Friday, November 26, 2010

Our Cubehouse Still Rocks (Finnegans Wake, Day One)

No, that's not a Robert Pollard/GBV reference, but is an announcement that I've finished Michel Houellebecq's Atomised and have begun James Joyce's Finnegans Wake.

I have no idea what I'll think about this book. I'm only a few pages in and I don't actually know how much of the language I'm intended to understand. I have decided to read it quickly and just plow straight through and if I get the gestures and some of the precise meanings, that's good enough. I am familiar enough (I hope) with the literary conceits and the basic ideas behind the book (the Fall of Man repeating itself over and over, and the weird sexual crime at the heart of the book, and that it's nighttime in Dublin and that Anna Livia (the mother) is the river Liffey (which also means that since her soliloquy ends the book and the first word of the introduction ("riverrun") is the last word of her soliloquy, she should also properly speaking be the narrator of the introduction, and that "Finnegan" is "Finn again" maybe, and the "wake" is not the wake of the old story but "wake" as in what comes afterward, like the wake of a boat, and Finn is perhaps Finn McCool, the hero who sleeps in a cave like Barbarossa, and after another Fall, maybe, Finn McCool will come forth and save Dublin, which is every city. Maybe.

This is less a text than a performance, and it's unreadable and it's not unreadable, and it's a novel and it's not a novel, and it begins with "riverrun" and ends on that same word in Dublin, which is the Garden of Eden. I don't know if I'll enjoy reading this book, but I do know that already it's making me think about narrative in a different way, and making me wonder about open versus closed narratives and gosh, but our cubehouse still rocks as earwitness to the thunder.

7 comments:

  1. I studied Finnegan's Wake in a college class and covered all of the above you discussed, and possibly more. It was a long time ago. I'd like to read it again because I remember getting to the end of it and feeling an overwhelming sense for a need to write. Only good literature does that to me - whether I enjoy it immensely or not.

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  2. Michelle: I know! This book makes me want to run to my office, grab pen and paper and start throwing phrases at each other as hard as I can. It's amazing; it leaves me breathless.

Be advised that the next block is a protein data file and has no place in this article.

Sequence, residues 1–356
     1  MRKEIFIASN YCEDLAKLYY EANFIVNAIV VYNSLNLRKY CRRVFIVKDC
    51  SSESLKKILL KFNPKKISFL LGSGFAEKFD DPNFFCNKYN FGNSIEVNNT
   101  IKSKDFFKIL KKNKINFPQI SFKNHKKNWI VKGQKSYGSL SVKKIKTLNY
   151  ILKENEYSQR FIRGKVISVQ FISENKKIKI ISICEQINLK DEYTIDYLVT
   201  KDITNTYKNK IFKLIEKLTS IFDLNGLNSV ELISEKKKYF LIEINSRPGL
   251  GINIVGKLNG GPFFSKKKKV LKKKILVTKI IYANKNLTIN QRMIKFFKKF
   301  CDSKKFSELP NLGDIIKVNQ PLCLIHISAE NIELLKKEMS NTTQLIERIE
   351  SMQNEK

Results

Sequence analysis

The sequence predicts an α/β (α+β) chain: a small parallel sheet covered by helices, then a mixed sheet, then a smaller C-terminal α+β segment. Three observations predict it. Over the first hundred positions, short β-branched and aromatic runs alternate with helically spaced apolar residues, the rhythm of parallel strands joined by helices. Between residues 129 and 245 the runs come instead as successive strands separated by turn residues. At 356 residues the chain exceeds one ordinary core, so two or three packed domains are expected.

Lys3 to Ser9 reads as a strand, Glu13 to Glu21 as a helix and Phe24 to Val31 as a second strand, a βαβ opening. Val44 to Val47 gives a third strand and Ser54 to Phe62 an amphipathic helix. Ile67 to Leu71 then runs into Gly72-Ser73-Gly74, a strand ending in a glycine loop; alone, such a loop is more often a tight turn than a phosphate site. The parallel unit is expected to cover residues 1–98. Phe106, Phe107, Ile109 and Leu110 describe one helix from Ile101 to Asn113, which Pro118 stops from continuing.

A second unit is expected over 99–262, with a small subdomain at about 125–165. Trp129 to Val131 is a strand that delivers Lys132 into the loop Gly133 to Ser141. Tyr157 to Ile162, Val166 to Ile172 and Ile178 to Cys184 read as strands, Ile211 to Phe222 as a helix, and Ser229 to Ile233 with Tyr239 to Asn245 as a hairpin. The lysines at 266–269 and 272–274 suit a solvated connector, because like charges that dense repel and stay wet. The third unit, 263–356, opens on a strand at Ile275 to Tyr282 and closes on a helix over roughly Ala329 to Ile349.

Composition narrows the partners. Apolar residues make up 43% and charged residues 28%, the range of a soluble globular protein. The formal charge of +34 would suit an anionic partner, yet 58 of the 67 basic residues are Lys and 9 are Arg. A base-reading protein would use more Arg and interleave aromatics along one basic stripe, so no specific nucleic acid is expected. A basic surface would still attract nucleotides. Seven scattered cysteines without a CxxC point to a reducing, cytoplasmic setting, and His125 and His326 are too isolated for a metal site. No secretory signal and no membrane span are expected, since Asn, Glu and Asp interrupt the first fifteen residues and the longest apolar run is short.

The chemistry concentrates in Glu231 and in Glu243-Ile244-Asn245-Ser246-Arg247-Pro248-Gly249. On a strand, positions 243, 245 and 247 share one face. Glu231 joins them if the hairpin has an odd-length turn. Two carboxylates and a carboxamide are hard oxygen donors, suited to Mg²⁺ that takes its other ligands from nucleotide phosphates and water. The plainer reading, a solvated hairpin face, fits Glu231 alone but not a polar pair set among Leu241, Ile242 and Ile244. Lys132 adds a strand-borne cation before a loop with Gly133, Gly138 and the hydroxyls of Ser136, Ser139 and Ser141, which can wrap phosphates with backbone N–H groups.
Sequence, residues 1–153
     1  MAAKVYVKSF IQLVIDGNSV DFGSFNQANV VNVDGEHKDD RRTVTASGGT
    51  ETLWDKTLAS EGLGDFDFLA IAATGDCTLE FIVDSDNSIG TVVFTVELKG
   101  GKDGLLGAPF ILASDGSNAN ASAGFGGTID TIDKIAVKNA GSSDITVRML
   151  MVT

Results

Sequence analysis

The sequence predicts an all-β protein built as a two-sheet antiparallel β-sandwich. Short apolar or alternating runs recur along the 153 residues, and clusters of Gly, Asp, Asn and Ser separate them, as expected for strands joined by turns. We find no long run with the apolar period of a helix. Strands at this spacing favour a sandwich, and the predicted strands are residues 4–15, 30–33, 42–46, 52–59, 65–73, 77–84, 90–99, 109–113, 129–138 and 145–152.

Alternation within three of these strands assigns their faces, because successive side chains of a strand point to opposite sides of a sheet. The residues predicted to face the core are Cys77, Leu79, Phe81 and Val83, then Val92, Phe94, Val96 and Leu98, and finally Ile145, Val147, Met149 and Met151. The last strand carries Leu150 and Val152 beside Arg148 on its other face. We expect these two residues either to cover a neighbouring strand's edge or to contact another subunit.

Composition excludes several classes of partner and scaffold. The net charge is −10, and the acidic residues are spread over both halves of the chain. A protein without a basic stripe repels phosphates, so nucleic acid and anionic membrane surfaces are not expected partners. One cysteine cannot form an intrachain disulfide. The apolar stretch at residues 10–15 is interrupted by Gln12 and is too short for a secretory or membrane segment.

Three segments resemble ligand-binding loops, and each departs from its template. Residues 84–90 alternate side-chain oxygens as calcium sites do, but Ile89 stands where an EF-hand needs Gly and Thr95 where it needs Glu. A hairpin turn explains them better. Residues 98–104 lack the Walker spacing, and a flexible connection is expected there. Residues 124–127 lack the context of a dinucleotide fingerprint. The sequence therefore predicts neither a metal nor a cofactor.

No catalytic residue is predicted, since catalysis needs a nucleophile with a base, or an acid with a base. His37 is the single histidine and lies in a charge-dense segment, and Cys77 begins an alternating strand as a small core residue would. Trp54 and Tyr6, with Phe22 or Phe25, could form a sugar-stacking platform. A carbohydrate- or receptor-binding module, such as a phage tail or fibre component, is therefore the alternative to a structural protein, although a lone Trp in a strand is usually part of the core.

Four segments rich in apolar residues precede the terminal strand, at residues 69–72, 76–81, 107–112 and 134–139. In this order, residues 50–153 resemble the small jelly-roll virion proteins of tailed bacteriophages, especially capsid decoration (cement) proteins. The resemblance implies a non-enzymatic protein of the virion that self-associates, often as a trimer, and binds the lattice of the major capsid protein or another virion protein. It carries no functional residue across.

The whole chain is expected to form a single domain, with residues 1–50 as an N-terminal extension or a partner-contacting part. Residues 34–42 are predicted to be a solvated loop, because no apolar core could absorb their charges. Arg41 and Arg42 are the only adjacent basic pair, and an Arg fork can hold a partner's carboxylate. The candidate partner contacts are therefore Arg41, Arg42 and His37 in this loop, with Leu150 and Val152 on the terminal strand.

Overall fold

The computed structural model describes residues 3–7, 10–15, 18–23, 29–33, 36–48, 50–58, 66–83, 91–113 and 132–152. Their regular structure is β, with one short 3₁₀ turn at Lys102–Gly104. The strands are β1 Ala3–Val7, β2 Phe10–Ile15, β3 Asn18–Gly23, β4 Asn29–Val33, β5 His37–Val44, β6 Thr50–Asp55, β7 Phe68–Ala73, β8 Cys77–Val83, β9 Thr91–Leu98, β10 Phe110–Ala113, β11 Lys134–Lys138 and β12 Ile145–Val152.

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  3. I've never read it either, though I do love me a good Finn McCool story. Like how he broke off a piece of Ireland and threw it at a Scottish giant who was pissing him off. That was pretty much awesome.

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  4. Ben: For about six years I have had an idea for a sort of ghost story that features Finn McCool and involves supernatural travel between Seattle in the present day and Ireland in the Fenian age. Finn's a total badass (ahem) in that story. "There was a lot of blood" is a line used often. There are also kleptomaniac leprechauns with very short attention spans. I'm not kidding.

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  5. Yes -- the Chlurichauns! They're like drunk, really unfriendly Leprechauns. Surly-chauns, if you will.

    Definitely loved the Fenian Cycle stories... I read a ton of them when I was researching Finn a few months back (he's going to be in the next book, btw) and it seems like every story he's involved in ends with a lot of bloodshed. I also love that his final story is titled "The Violent Death of Finn". Not too many more badass ways to go out!

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  6. Have not read this one. I did just finish Joyce's The Portrait of the Artist as a Young Man. (Have you read it?) I didn't like it, per se, but like Michelle, I had this drive to write, to create. Quite brilliant -- I'll recognize that, yes. There's too much to ever take in; his novels are meant to be read again and again and again.

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  7. Ben: When's Badass 2 pub? I want a copy! And you still haven't signed my copy of Badass, damn it.

    Weronika: I didn't much care for Portrait of the Artist, but it made me want to write, too. I love the stories in Dubliners, and I loved Ulysses. Finnegans Wake is making me work pretty hard and I know I'm missing a lot of Joyce's meaning, but the sound of the words are so glorious that I keep reading even if I don't understand a word of it. Though sometimes I go back and re-read a page and it makes sense the second time through. You're absolutely right that his novels have too much depth to be read only once. We should all be so gifted.

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